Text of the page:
LONDON: British bank Barclays said on Wednesday that first-quarter profits halved after taking another £800 million ($1.2 billion, 1.1 billion euros) provision mostly for costs over its alleged role in foreign exchange market rigging.
Net profit or earnings after taxation sank 52 percent to £465 million in the three months to the end of March compared with a year earlier, Barclays said in a results statement.
Pretax profit however climbed nine percent to £1.8 billion, aided by a strong performance from its restructured investment banking division. That was in line with market expectations.
Barclays — which was at the heart also of the 2012 Libor interbank interest-rate rigging scandal — is being probed over the alleged rigging of foreign exchange markets, and reports suggest it could be close to a settlement with British and US regulators.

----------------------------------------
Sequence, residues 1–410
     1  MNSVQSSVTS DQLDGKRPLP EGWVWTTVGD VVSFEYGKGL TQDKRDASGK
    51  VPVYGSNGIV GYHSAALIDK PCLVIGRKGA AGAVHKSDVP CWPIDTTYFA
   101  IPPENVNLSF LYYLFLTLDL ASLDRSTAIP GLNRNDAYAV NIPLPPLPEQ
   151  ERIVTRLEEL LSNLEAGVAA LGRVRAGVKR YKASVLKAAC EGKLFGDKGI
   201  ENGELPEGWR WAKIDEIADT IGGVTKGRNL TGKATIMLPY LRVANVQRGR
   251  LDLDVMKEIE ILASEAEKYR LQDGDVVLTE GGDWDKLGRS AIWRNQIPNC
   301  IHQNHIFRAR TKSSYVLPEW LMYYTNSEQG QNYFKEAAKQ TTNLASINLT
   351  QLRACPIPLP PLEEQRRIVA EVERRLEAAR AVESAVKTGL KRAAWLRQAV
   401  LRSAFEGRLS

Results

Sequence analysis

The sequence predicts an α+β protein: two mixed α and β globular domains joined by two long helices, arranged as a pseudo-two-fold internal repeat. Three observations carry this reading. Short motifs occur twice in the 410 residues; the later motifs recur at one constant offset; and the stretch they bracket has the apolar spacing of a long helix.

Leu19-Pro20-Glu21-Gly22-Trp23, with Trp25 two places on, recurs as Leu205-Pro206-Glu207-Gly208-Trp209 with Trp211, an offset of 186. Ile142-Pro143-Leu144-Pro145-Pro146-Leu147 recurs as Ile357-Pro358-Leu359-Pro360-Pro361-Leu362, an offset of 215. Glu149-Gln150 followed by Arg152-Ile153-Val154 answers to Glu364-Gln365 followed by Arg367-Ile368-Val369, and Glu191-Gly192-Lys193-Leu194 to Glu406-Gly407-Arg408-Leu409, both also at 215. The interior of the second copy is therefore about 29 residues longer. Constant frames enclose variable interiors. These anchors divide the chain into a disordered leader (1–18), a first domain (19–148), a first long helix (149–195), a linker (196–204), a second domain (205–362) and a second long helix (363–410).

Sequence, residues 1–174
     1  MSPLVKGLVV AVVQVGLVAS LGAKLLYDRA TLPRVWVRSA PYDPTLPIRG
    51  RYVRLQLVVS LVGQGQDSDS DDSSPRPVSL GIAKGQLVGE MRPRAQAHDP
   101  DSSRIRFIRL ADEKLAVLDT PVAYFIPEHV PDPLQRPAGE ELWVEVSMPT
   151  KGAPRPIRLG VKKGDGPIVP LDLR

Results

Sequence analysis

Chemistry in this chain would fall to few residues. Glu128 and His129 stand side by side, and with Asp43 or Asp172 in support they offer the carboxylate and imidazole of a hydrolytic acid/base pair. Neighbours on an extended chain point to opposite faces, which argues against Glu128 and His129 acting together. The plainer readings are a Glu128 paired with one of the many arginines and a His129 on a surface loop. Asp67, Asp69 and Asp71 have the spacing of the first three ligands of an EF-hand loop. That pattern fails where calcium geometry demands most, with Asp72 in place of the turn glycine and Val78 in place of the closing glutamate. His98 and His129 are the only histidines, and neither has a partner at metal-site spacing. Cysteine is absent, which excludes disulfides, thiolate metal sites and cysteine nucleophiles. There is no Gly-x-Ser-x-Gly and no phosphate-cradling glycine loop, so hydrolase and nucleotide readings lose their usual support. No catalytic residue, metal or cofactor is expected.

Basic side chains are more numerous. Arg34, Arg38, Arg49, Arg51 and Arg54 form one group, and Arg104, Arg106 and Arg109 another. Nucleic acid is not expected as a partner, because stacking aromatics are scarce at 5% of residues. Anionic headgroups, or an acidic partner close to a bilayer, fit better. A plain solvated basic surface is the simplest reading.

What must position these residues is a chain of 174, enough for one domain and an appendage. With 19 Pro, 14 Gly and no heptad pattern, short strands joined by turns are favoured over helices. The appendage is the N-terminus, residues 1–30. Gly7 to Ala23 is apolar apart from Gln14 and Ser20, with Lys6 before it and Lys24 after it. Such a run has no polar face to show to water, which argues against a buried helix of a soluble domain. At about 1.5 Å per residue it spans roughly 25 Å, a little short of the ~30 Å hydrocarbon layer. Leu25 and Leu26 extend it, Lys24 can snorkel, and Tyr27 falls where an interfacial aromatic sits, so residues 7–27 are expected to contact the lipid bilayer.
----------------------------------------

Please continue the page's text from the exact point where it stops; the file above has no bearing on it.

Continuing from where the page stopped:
The troubled bank added Wednesday that it set aside another £150 million for costs of compensating customers over the mis-selling of payment protection insurance.
“Resolving legacy conduct issues is . . . an important part of our plan to transform Barclays,” said chief executive Antony Jenkins.
“We are working hard to expedite their settlement and have taken further provisions of £800 million this quarter, primarily relating to foreign exchange.
“While we still have much to do, I am pleased with how we’ve begun 2015.”
He added: “The investment bank had a good first quarter representing a performance which is more indicative of the potential of the franchise following the repositioning undertaken last year.”
The lender added that it has now set aside a total of £2.050 billion for “investigations and litigation primarily relating to foreign exchange.”